Salad dressing can be many things – creamy, tangy, sweet, chunky or smooth. When it’s good, salad dressing makes a salad. Think fresh Caesar dressing made with egg yolks, anchovies, lemon, and a great olive oil. The flavors meld together in a velvety, briny goodness. A great salad dressing evenly coats the greens and vegetables it is served with. It makes greens, vegetables, and other toppings taste better and compliments their textures.
In addition to tasting great, salad dressings made with quality ingredients are fabulous sources of healthy fats like olive and avocado oils. When made with nut and/or seed butters (think tahini or peanut butter), salad dressings and sauces also contain protein and minerals.
Think Outside the Bottle (of Salad Dressing)
I’m guessing most of you have experienced a neon-orange, super-sweet version of “French” dressing, or a low fat Blue cheese dressing that tastes like mixture of plaster of Paris and foot sweat (and contains no actual cheese). Some store-bought dressings are better than others, but overall, bottled dressings often have the following characteristics:
1. Mystery Oils
Most shelf-stable dressings are made with refined, less healthy oils – primarily soybean or vegetable oils, because they are cheap, stable, and available. Vegetable oil on a label means a mixture of different oils. If you want to know more about refined oils, read this post all about oil processing.
2. Added Sugar
Sugar is a major ingredient, often second only to water or oil. French, Catalina, Teriyaki, and fruity vinaigrettes can be very high in sugar. Even dressings that we think of as salty (eg, Italian) may have sugar added.
High sugar content is especially common in low-fat salad dressings, because the manufacturer has to make up for removing the fat, which creates a smooth texture. The solution is often increasing the sugar content, to make the dressing taste better.
3. Mystery Ingredients
Ingredient lists are extremely long and complicated. They include mysterious additives that you’ve never heard of and/or can’t pronounce.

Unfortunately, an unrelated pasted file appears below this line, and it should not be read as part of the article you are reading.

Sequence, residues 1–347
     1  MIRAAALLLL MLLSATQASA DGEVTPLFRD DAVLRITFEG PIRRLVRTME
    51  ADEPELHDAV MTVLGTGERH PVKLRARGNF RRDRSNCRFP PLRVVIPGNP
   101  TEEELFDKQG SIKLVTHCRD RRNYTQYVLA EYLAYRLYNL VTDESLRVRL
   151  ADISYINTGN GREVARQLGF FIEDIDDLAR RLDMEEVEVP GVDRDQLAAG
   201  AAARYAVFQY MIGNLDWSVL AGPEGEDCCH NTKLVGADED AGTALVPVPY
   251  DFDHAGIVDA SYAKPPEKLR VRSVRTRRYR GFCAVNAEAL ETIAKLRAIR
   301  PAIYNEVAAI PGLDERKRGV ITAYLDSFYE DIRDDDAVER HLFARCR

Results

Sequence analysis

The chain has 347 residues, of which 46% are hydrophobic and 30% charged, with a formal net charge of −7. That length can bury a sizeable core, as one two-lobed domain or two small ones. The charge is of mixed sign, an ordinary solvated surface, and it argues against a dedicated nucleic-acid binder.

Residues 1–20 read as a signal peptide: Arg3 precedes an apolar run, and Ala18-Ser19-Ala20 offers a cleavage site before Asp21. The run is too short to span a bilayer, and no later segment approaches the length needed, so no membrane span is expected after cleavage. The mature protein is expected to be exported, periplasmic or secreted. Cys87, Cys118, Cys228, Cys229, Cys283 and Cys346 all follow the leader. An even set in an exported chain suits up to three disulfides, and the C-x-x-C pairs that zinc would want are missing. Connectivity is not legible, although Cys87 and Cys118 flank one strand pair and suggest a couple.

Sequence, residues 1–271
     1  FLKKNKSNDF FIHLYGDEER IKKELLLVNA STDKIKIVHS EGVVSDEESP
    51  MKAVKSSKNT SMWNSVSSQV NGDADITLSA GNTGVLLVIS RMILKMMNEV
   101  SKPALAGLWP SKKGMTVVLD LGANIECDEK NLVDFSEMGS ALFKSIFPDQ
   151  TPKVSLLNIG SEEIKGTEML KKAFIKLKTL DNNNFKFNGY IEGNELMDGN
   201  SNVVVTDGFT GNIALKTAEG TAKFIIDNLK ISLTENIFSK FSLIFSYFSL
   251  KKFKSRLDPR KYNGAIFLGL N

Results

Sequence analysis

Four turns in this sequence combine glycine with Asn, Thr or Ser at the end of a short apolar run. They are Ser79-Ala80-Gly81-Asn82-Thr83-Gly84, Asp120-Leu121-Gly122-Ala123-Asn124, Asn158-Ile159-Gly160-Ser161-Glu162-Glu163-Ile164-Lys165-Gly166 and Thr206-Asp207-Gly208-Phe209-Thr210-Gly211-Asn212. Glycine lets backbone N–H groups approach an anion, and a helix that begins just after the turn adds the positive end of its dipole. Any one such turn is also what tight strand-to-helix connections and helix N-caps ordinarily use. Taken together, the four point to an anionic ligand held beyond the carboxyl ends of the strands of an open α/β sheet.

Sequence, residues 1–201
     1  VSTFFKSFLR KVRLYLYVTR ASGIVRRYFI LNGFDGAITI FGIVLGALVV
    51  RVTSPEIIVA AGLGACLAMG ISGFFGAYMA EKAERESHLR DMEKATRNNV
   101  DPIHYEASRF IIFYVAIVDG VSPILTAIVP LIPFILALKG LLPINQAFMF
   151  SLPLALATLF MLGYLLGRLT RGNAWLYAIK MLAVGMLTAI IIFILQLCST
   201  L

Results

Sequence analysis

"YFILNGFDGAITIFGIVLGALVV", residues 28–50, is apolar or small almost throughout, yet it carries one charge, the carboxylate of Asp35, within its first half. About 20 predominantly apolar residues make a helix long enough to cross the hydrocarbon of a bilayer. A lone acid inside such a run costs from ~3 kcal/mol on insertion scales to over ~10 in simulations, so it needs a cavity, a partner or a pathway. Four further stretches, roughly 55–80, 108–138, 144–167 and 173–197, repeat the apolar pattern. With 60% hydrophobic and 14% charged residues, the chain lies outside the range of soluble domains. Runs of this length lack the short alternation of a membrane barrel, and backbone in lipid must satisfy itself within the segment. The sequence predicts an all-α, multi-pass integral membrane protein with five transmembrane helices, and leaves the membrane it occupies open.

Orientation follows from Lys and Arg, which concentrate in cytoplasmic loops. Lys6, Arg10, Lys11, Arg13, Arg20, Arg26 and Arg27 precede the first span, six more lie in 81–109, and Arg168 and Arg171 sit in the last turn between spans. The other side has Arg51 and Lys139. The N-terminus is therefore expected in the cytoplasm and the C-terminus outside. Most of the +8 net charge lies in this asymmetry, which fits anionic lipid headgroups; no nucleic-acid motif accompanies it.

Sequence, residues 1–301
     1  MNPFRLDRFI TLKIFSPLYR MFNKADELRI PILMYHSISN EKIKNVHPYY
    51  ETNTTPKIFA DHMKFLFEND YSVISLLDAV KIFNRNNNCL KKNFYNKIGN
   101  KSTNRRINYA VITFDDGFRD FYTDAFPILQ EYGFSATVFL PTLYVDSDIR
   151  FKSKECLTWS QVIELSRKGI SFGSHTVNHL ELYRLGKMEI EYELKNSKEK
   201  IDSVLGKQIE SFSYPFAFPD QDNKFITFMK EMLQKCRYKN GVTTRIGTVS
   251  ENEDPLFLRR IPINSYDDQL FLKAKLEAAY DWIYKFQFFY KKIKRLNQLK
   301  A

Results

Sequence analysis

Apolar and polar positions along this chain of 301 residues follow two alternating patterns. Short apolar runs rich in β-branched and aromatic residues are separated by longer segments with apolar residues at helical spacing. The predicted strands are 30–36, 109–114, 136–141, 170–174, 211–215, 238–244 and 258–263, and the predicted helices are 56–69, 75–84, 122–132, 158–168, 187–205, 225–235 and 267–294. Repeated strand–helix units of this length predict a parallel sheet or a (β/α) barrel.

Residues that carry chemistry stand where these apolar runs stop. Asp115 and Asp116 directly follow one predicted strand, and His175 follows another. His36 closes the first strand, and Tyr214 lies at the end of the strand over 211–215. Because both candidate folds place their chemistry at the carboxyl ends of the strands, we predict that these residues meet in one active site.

4. Flavor and Texture Weirdness
Low fat and fat-free dressings can have odd flavors and textures. We’ve already talked about sugar and palatability, especially for low fat dressings. In addition, the texture of low fat dressings can also be funky. For example, thickening agents like starch and gums are used to replicate the smoothness and viscosity of oil. These agents can make the dressing thick in a weird, gelatinous way.
Some bottled brands I like:
To be clear, I love the convenience of buying a pre-made salad dressing. For instance, a few of my favorites are Toby’s (all flavors), Bragg’s Vinaigrette, and Stonewall Kitchen’s Olive Oil & Balsamic Dressing. These brands contain the fewest overall and most “real-food” ingredients.
Why Make Your Own Salad Dressing?
I like to save money, make my own food, and make it in large quantities (think 32-oz instead of 12-oz bottle). Several years ago, I found this version of “Magic Sauce” that was used in a paleo tuna casserole recipe. I’ve modified it for my own purposes, so that I can use it as both a salad dressing and savory sauce as needed. You can use this recipe as-is, or as a jumping off point for your own version of “Magic Sauce”.
For this recipe, you will need a blender or high-powered food processor.Print
It’s a salad dressing, it’s a dip, it’s a simmer sauce! Magic sauce is also gluten-free, dairy-free, vegan, and full of healthy fat. Make soon and use liberally.
1 – 1 ½ cup water
½ cup tahini
½ extra virgin olive oil
¼ cup coconut aminos (or soy sauce. Omit salt if using soy sauce)
¼ cup nutritional yeast
¼ of a whole lemon
2 – 4 cloves of garlic
2 tsp salt
2 tsp cumin (or whatever spice and/or herb you like)
Pepper to taste
- Put everything in a blender and whir until smooth. If it’s too thick, add a little more water to thin the consistency.
- Transfer to your favorite bottle and store, refrigerated, for up to 7 days.
Pour over your salad and eat immediately, and/or transfer to your favorite dressing bottle and refrigerate.
Storage note: Sometimes the tahini and olive oil will get thicker as the salad dressing cools in the refrigerator. Let the dressing sit at room temperature for a few minutes (or add a little water) and shake as necessary to thin the dressing out.
- Category: Dressings & Sauces
- Method: Blender
- Cuisine: Fusion
- Serving Size: 2 Tablspoons
- Calories: 85
- Fat: 8.9 grams
- Carbohydrates: 1.2 grams
- Protein: 0.9 grams
Keywords: vegan, 30 minutes or less, gluten free, dairy free
Center for Food Safety and Applied Nutrition. “Guidance For Industry Food Labeling Guide.” U.S. Food and Drug Administration, FDA, www.fda.gov/regulatory-information/search-fda-guidance-documents/guidance-industry-food-labeling-guide.